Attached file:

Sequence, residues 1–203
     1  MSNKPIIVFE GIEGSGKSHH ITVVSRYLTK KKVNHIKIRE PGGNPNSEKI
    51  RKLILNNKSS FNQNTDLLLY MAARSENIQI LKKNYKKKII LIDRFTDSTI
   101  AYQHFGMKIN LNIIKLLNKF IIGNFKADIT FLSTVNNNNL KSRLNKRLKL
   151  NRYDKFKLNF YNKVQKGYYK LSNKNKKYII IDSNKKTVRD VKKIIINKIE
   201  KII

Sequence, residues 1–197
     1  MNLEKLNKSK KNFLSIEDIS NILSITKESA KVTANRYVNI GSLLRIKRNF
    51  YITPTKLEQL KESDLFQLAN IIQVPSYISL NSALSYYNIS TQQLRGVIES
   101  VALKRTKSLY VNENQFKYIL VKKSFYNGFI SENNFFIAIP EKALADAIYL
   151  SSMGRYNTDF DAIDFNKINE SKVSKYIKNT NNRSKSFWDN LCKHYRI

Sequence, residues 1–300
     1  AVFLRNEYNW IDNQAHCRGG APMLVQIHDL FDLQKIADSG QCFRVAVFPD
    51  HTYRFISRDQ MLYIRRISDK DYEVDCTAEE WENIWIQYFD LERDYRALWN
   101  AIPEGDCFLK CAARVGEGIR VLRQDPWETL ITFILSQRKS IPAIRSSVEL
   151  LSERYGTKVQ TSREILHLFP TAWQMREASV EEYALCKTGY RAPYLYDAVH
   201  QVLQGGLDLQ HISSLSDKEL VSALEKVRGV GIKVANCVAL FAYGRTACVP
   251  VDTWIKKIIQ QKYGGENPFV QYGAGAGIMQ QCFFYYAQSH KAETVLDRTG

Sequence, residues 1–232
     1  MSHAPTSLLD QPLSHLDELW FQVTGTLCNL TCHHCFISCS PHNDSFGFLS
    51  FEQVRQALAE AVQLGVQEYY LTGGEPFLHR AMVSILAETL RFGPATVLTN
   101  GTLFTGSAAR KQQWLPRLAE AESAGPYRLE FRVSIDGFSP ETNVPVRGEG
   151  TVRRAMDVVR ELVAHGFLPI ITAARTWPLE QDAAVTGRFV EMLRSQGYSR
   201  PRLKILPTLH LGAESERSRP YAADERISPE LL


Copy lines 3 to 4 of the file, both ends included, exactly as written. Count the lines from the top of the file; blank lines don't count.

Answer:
    51  RKLILNNKSS FNQNTDLLLY MAARSENIQI LKKNYKKKII LIDRFTDSTI
   101  AYQHFGMKIN LNIIKLLNKF IIGNFKADIT FLSTVNNNNL KSRLNKRLKL